Anyone who has been to a show by local theatre company Slingsby knows that they create magical, intelligent and whimsical theatre for audiences young and old. So it’s with high expectations that I head into their latest show, for the Adelaide Festival, Oscar Wilde’s The Young King.
Lovingly adapted by Nicki Bloom, the story tells of a young king the night before his coronation. Growing up unaware of his royal heritage and returned to take the throne, we’re shown the twists and turns of his family history and share his joy at the finery he’ll be given for the ceremony. However, as the night goes on, the young king discovers the price others have had to pay for the luxuries he covets, and he must choose between maintaining the status quo or acting on his conscience.
From the get-go, the experience is intimate and immersive. Held in the former Dazzeland in the Myer Centre, we’re greeted by a courtier who escorts us to the kingdom – a corridor-lined space created by black drapes. We’re taught rules, assigned roles, entrusted with secrets and led to craft tables to create our personal crowns (which becomes a kind of ritual, marking our passage from the outer world to Slingsby’s realm). We’re then ushered into the intimate theatre space, where the young king (Tim Overton) awaits us.
Wendy Todd’s seemingly simple set is cleverly designed to transport us into the fairytale world of old kingdoms, ancient forests, and insightful dreams. Overseen by executive producer Jodi Glass and director Andy Packer’s trademark whimsical and wonder-inducing style, and coupled with Geoff Cobham’s sparse yet effective lighting, the scene is set for the magical journey ahead. Shadow puppetry, intimate lighting, smoke effects and scent are used to feed our imaginations, as is the achingly beautiful musical score by Quincy Grant.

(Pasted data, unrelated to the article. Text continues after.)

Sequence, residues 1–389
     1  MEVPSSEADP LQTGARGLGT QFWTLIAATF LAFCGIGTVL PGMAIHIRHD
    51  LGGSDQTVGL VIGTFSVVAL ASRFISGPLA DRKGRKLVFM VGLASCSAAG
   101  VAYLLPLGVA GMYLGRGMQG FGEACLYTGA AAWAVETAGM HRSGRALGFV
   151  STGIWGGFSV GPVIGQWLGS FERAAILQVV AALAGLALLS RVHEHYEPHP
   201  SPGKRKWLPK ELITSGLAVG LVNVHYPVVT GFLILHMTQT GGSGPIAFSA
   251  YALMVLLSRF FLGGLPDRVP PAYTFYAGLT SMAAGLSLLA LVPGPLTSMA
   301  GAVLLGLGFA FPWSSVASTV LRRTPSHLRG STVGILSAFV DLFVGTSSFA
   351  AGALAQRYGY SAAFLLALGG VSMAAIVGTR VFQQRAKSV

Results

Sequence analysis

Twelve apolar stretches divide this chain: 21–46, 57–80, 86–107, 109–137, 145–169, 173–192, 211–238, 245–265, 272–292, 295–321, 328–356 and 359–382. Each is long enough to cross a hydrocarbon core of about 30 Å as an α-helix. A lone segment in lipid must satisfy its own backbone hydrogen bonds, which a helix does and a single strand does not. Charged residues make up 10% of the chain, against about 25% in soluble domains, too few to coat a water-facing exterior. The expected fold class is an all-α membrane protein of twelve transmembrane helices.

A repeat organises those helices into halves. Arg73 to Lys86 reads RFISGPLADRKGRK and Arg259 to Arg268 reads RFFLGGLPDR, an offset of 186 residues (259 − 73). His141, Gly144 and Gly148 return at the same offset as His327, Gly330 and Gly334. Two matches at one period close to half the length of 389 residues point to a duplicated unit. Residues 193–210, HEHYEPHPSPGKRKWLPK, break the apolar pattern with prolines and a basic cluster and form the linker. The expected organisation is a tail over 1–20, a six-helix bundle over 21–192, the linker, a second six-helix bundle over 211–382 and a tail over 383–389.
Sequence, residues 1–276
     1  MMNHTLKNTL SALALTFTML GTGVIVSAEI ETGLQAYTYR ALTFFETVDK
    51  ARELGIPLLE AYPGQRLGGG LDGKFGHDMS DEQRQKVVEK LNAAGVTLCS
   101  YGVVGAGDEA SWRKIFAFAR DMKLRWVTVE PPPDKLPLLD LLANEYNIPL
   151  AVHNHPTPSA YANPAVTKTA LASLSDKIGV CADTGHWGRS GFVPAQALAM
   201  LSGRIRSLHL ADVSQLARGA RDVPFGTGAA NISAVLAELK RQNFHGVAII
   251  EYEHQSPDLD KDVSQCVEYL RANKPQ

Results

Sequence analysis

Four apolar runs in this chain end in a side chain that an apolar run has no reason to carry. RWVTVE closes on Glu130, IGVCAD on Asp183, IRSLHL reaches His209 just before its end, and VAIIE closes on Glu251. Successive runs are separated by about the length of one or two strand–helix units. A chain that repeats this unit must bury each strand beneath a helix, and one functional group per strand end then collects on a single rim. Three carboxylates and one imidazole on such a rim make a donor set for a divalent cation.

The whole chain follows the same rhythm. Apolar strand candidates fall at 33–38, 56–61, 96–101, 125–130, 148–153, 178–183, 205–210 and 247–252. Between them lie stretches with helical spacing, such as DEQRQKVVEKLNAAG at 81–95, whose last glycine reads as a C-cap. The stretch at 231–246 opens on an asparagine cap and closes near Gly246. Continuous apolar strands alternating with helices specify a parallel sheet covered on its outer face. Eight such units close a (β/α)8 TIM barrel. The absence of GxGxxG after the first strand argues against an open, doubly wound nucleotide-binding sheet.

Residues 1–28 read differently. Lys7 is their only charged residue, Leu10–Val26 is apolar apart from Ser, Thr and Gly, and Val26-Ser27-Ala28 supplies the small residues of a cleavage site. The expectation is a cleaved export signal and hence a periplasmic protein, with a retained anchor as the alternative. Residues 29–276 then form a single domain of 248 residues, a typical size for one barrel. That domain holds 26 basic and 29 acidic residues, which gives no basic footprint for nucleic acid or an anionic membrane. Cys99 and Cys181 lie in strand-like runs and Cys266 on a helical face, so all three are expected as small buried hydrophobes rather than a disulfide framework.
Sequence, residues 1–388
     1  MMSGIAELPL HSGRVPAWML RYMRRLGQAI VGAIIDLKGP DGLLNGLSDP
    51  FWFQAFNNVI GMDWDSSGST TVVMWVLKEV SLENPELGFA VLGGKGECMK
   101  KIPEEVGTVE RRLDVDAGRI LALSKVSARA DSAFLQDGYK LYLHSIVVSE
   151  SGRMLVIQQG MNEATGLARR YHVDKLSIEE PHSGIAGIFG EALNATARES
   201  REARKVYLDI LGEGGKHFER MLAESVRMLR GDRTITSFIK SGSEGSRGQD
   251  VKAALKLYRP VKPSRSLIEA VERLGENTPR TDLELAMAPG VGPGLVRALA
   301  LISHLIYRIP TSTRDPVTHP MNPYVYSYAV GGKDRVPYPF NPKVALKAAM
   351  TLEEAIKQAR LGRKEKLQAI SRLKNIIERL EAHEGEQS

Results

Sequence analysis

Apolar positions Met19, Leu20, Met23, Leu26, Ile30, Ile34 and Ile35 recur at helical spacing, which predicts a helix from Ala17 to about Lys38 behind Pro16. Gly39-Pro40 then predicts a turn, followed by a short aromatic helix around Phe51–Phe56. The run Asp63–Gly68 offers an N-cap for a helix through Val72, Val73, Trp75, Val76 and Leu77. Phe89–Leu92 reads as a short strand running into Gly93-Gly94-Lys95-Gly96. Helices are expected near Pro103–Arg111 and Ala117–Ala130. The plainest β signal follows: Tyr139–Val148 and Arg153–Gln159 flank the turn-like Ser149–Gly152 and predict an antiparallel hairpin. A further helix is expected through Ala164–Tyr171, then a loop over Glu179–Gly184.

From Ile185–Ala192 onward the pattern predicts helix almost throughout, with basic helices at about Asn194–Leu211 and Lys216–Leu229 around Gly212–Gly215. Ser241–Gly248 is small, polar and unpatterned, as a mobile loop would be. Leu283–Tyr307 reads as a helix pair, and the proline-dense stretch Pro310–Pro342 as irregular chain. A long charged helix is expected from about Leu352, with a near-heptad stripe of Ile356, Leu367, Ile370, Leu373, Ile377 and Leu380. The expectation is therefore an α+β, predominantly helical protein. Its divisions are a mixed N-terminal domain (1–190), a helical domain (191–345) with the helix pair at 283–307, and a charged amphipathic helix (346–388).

Overton shines as the young king, exuding innocence and warmth, and his more powerful scenes near the end are tear-inducing. He is joined by veteran actor Jacqy Phillips, who is mesmerising in her various roles, transforming in an instant into characters as diverse as the scary old king and free-spirited princess to a whole crowd of townspeople and a painfully outraged Avarice (in one of the more dramatic dream sequences, taking on Overton’s smug Death).
Slingsby has never been a company to shy away from dark themes. Greed, selfishness, death, slavery and the price others pay for our luxuries are all explored. Slingsby grabs the heart of the fairy tale structure – with all its darkness and danger interwoven with joy and wonder – to take us through a full range of emotions before the ultimately uplifting climax.
As the show ends, we’re in for a final surprise, mixing cast and audience – something that Slingsby sees as being an important part of the theatre experience – so make sure you don’t have to rush off.
My expectations were not only met, but exceeded by this beautiful show. I was left feeling that not only had I experienced something truly special, but that the world is a better place for having a company like Slingsby in it.
First published on Currant magazine blog.